Monday, January 24, 2011

Buy local

Susan Haubenstock’s review of The Fiddler’s House was in Sunday’s T-D. Worth a read if you haven’t read it yet. My thoughts on the production will wait until my review is published but I will say that I concur with many of Ms. Haubenstock’s observations.

One of the intriguing things about Fiddler’s House is that is was written by – and the Chamberlayne Actors Theatre production is directed by – Richmonder Sheryle Criswell. Criswell’s play is the first in a whole season of Richmond premieres that CAT will be producing this year. That’s certainly a bold choice by the ever-intriguing company and it opens the door to a topic that I’ve wondered about for some time now.

Over the years, people have talked to me – or challenged me – with questions along the lines of “what would it take for Richmond to be a major theater town?” Some people have argued that we need to promote local playwrights like Ms. Criswell because only when we have home-grown talent doing significant new work will Richmond become a location of note in the theater world. Others have said that, regardless of the playwright’s home town, theaters in Richmond need to be doing more world premieres. This is certainly worthy of attention given the substantial amount of press directed towards Virginia Stage’s recent opening of SCKBSTD and work that the Signature in NoVA has done in the past that has eventually made it to the Great White Way (specifically Glory Days.)

I’m always intrigued by those who assert that only when Richmond gets better theater critics will Richmond theater garner world-class status. While I definitely think there are arguments to be made about the role of critics in the development and growth of a theater scene, I think that particular one puts the cart before the horse. Then there are those that tell me that, even with several fantastic collegiate theater programs in the area and one of the largest touring companies in the country located here (i.e., Theatre IV), Richmond is simply not big enough to foster a theater scene that could ever become significant on a national level and everyone should just focus on doing the best theater that can be done given the fiscal, demographic and institutional constraints inherent in producing theater in Richmond.

As always, I’m interested in what others – particularly others who are involved in local theater in a more day-to-day, livelihood-depends-on-it kind of way – think about this question. Or if they even think it’s a question worth asking. What do you think?


Markus said...

Well, Richmond would have to become a minor theater town first. As it stands, Richmond lacks the hallmarks that would make it respected on a national level. There's only one theater that pays artists a semi-livable wage, and even it doesn't pay enough to allow adult actors to quit their day jobs. There is no LORT theater. There's no first-rate training to produce young actors, directors, or writers of national prominence. There are no prominent festivals or events. If there are grant-giving organizations, they're certainly not challenging theater artists to answer any sorts of higher calling. Have any nationally prominent actors, designers, writers, or directors worked in a Richmond theater in the last twenty years (not counting tours)?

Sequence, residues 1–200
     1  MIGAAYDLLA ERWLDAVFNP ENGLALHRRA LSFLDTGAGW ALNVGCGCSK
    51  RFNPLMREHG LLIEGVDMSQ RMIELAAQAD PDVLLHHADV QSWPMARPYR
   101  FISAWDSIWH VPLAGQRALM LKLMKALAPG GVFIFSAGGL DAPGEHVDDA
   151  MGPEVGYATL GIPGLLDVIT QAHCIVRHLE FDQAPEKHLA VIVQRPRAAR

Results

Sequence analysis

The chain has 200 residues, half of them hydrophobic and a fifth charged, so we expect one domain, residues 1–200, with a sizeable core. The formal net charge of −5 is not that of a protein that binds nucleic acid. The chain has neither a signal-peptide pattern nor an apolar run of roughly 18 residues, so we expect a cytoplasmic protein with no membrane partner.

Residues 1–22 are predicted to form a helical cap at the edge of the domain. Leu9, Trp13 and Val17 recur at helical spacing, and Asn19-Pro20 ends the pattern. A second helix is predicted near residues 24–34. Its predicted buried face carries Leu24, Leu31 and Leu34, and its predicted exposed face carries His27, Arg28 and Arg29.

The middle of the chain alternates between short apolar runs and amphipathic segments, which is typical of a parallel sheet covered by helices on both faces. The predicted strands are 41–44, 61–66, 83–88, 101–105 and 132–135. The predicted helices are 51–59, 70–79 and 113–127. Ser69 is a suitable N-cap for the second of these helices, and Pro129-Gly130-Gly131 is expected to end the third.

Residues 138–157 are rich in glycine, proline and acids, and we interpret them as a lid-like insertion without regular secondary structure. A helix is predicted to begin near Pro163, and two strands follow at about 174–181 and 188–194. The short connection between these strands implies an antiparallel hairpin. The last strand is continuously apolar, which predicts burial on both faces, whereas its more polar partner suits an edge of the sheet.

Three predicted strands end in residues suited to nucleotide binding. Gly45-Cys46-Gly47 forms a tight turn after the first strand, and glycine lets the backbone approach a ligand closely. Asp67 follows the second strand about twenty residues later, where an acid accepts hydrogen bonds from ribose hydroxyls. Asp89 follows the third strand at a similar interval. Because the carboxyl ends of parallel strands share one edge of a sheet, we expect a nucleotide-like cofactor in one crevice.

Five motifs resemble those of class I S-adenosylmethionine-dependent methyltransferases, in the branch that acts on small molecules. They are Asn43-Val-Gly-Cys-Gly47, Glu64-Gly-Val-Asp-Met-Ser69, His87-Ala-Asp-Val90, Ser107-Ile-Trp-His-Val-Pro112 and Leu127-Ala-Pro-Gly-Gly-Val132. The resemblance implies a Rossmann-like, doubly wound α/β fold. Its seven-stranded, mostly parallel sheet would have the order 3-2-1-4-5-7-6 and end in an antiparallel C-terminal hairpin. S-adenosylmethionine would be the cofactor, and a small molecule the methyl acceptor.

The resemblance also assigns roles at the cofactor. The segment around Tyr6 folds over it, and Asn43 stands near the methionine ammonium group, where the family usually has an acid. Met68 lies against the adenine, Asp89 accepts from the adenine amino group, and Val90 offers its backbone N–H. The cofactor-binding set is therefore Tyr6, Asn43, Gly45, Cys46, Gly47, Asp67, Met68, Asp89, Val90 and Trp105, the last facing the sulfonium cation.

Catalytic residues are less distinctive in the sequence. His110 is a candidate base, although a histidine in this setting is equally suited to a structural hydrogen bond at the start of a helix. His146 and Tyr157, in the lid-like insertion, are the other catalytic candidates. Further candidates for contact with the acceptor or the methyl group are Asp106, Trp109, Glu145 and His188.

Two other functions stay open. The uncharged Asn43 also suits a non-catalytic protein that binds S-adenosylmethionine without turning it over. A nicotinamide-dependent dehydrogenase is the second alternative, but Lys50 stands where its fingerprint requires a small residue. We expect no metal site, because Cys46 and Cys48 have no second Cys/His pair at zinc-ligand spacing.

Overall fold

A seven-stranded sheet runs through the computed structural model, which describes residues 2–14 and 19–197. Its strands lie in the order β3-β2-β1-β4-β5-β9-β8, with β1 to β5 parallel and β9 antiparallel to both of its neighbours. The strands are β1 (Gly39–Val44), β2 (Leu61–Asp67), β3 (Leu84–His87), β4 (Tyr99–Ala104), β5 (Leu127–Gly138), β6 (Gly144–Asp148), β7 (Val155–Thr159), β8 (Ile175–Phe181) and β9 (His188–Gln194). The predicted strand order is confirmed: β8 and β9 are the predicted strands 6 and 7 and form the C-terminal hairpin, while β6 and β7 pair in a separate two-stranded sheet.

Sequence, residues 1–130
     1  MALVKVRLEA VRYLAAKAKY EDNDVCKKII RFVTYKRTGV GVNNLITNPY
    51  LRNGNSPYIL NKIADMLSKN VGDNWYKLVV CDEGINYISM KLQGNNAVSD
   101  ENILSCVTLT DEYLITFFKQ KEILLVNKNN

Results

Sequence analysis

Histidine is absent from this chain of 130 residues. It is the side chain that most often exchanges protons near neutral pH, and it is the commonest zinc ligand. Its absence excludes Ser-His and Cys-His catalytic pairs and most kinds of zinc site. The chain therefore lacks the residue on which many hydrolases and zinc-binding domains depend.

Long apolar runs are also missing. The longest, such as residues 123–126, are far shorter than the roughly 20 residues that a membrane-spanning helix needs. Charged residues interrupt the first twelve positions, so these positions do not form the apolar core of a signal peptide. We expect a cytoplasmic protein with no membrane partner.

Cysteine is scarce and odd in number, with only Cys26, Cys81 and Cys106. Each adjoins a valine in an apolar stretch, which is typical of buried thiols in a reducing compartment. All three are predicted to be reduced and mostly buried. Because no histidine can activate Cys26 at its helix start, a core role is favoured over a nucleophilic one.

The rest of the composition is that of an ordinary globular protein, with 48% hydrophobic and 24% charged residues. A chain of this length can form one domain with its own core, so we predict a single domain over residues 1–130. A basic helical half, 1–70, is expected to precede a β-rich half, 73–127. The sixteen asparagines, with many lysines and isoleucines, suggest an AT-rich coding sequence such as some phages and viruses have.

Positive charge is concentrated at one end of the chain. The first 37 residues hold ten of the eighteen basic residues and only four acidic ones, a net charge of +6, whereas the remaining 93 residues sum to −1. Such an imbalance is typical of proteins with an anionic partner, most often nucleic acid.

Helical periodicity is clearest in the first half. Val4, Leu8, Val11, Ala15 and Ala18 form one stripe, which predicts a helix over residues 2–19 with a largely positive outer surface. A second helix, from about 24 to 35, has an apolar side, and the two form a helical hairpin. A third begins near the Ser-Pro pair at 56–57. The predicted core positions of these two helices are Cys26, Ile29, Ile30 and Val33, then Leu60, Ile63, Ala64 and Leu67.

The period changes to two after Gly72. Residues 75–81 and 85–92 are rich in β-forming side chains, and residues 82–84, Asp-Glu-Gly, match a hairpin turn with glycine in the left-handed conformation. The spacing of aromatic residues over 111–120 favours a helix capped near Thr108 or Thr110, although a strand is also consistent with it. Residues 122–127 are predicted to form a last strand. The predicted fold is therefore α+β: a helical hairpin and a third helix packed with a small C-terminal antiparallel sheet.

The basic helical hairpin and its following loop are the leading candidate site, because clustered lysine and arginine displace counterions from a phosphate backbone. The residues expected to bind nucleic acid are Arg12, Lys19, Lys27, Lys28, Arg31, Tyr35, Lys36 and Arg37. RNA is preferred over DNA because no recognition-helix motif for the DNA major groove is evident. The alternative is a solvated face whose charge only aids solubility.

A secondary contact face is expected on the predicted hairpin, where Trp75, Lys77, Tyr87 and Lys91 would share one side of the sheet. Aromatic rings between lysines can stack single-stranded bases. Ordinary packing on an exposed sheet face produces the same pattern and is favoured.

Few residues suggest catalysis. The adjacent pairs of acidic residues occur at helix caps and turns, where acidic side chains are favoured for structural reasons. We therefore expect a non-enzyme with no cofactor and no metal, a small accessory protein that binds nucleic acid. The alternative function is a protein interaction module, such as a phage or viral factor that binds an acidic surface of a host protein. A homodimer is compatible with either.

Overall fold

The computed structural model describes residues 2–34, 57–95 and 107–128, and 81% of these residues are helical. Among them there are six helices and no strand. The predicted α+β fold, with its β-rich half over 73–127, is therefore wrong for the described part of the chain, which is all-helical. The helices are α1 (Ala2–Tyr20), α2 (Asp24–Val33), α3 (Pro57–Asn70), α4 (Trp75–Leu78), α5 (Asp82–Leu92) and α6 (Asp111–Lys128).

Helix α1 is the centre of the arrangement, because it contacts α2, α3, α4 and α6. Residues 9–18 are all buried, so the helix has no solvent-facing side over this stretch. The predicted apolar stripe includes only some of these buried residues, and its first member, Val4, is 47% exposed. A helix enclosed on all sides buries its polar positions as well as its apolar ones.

Financially, Richmond absolutely can sustain quality theater. But most wealthy people are wealthy for a reason, and they know a good investment when they see it. Why would they invest in local theater when local theater doesn't have too much to show for itself? Once Richmond's theaters find a way to appeal to even a slightly broader audience, donors will line up to give. Do theaters in Richmond have a red carpet on opening night? Nope. Press the flesh with celebs? Nope. Mingle with the local wealthy? Nope. Give them something they want, make 'em feel special, and they'll give.

I'd be curious to see answers to these questions:

1 - Why would a talented young artist move to Richmond? What is in it for them?
2 - Why would someone invest financially in a theater in Richmond?
3 - What does theater in Richmond offer that cannot be found in NoVA/DC/Norfolk?
4 - What company has the greatest potential to break through to national recognition, and why?

Anonymous said...

There is a lot of home-grown work in Richmond, but a lot of times, due to the category that critics and people want to use to classify it, it doesn't get recognized as it should.

Paul Deiss and Tom Width combined together to write the delightful "Two Bits", an original show that has peeked the interest of off-Broadway producers back in 2003, and Deiss himself pens a new "Drifty the Snowman" each holiday season. Jason Marks wrote beautiful music to an adaptation of "A Christmas Carol" last year, and he and his mother's incredibly charming "The Twelve Elves of Christmas" played to sold out houses at SPARC this year as a world premiere. Bo Wilson's "Mona's Arrangments" played the Tavern for the first time last year. And let's not forget Irene Ziegler's wonderful "Full Plate Collection", which is getting a table reading at the reputable Barrow Group in New York next month.

As for festivals, SPARC hosts "New Voices for the Theater" each summer for up and coming young high school playwrights, and the Firehouse Theatre does its own one-act festival each year. Richmond should also consider doing a festival of new musical works to help cultivate the future of musical theater. There's certainly enough talent in the community to do, at the least, a staged reading of new musical works.

Will any of these productions go very far, or anywhere, for that matter? Perhaps - perhaps not. But Richmond writers ARE developing new works, and no matter whether they fall under the category of "professional", "non-professional", or even "educational", they should be honored and recognized for breathing new life into an otherwise often dull theater town.